The Silver Emulsion Podcast: Ep. 25 – Chungking Express

Episode 25! This episode I’m talkin’ about Wong Kar-Wai’s Chungking Express!

Also on the show:

  • Sammo Hung’s Winners and Sinners
  • Hal Roach’s The Devil’s Brother starring Laurel and Hardy
  • Luigi Bazzoni’s Man, Pride and Vengeance
Music Notes

Intro:

  • Metallica – Enter Sandman

Incidentals:

  • Bob Dylan – Highway 61 Revisited (Take 7, False Start)
    • The Cutting Edge 1965-1966: The Bootleg Series, Vol. 12 (iTunes, Amazon)

Outro:

  • Pat Boone – Enter Sandman

If you’ve got feedback, throw it into the comments below or email it to me via the contact page! I’ll include it in a future show!

The podcast is embedded directly below this, or you can go directly to Podbean (or use their app) to listen. If you want to subscribe, paste http://silveremulsion.podbean.com/feed/ into whatever reader you’re using, such as iTunes.

Block-Heads (1938)

Starring Stan Laurel, Oliver Hardy, Patricia Ellis, Minna Gombell, Billy Gilbert, James Finlayson

Directed by John G. Blystone

Expectations: Not as treasured as Way Out West, but I remember loving this one as well in my youth.


For their next feature after Way Out West, Laurel and Hardy went contemporary. Block-Heads opens during World War I, as the tanks laboriously roll by and the soldiers march into certain death. Soon we focus down on a trench teeming with men, where Stan and Ollie prepare for war. But it’s not in the cards for Stan, as he is told decisively by his commanding officer to guard his post until told to do otherwise. Well, Ollie and the rest of the boys run out of the trench and Stan hangs back for the next twenty years. Yeah, he’s a block-head alright!

Block-Heads is an interestingly plotted film because unlike Way Out West which is pretty straightforward, Block-Heads tells a few different concurrent storylines and then has them all collide. In a way, it’s like the writers had a lot of leftover ideas and decided to throw them together, but that sounds like a unfair slight to a film that’s full of great gags and ideas. Anyway, what I’m getting at is that Block-Heads might start as a war-based comedy, but it quickly transitions to the home front, revealing itself to be more of a domestic, relationship comedy. Along the way to the domestic comedy, though, is a lot of “trying to get from point a to point b”, and that’s what makes up most of the runtime of Block-Heads.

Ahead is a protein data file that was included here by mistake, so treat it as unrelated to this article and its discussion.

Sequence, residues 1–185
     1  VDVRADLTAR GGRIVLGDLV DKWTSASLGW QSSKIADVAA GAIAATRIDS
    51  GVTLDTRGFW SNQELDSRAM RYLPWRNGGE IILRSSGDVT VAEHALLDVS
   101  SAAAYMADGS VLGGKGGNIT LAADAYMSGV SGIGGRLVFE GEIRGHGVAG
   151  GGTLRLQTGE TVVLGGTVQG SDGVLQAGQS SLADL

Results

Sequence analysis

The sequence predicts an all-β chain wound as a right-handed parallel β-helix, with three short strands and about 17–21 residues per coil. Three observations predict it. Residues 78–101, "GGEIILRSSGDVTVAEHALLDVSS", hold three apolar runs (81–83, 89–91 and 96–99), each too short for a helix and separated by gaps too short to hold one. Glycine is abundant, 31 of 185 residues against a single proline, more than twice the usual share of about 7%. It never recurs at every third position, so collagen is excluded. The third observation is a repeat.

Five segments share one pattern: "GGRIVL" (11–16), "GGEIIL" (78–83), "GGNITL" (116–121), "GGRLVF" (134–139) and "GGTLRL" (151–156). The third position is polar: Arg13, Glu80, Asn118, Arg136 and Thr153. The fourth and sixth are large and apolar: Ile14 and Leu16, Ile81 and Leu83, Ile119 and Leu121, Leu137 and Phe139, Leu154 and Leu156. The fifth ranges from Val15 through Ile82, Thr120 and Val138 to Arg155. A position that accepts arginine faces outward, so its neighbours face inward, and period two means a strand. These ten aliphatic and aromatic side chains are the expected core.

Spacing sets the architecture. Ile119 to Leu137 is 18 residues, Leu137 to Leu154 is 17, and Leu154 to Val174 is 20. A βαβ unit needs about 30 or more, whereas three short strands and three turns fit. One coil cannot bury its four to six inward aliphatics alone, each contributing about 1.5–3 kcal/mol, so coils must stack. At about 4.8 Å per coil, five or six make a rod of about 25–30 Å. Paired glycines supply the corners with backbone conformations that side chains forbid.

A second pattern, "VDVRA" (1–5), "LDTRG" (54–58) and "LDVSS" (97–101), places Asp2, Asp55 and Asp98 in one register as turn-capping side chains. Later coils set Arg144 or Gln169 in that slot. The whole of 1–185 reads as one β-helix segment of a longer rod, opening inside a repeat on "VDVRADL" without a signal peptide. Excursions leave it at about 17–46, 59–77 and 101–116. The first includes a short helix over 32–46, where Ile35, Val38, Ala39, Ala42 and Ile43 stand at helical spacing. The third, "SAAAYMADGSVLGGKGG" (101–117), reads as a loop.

Continue reading Block-Heads (1938) →

Way Out West (1937)

Starring Stan Laurel, Oliver Hardy, Sharon Lynn, James Finlayson, Rosina Lawrence, Stanley Fields, Vivien Oakland, The Avalon Boys, Chill Wills

Directed by James W. Horne

Expectations: One of my most treasured films as a child. Let’s see how it holds up.


As expected, I still love this movie unconditionally. Growing up we didn’t have cable TV most of the time, so our small VHS collection was always getting played and re-played. Way Out West was one of the first tapes we owned and it quickly became one of the most watched as well, with good reason. Even though it was a colorized version, the power of the duo’s comedy shone through, and later when I knew it was originally black and white I’d turn down the color and watch it as intended. The film was released on April 16, 1937, just recently celebrating its 75th birthday, but not a shred of the humor or the charm has worn off of this gem. Clearly, there’s some nostalgia associated with the movie for me, so your mileage may vary if you’ve never seen it, but for me this is truly one of the best classic comedy films of all time.

Stan and Ollie play a couple of guys entrusted to bring a deed for a gold mine to a resident of Brushwood Gulch. Things go wrong in only ways that Laurel and Hardy can manage, and that’s where Way Out West is best. My favorite scene has always been the chase scene inside of James Finlayson’s bedroom, as Laurel, Hardy, Finlayson and Sharon Lynn all fight and scramble over each other to acquire the deed. It’s hilarious and still managed to have me in stitches even though I’ve seen it a multitude of times. There’s even a small bit of wirework in one small moment that raises the level of incredulity and hysterics to new heights.

Continue reading Way Out West (1937) →

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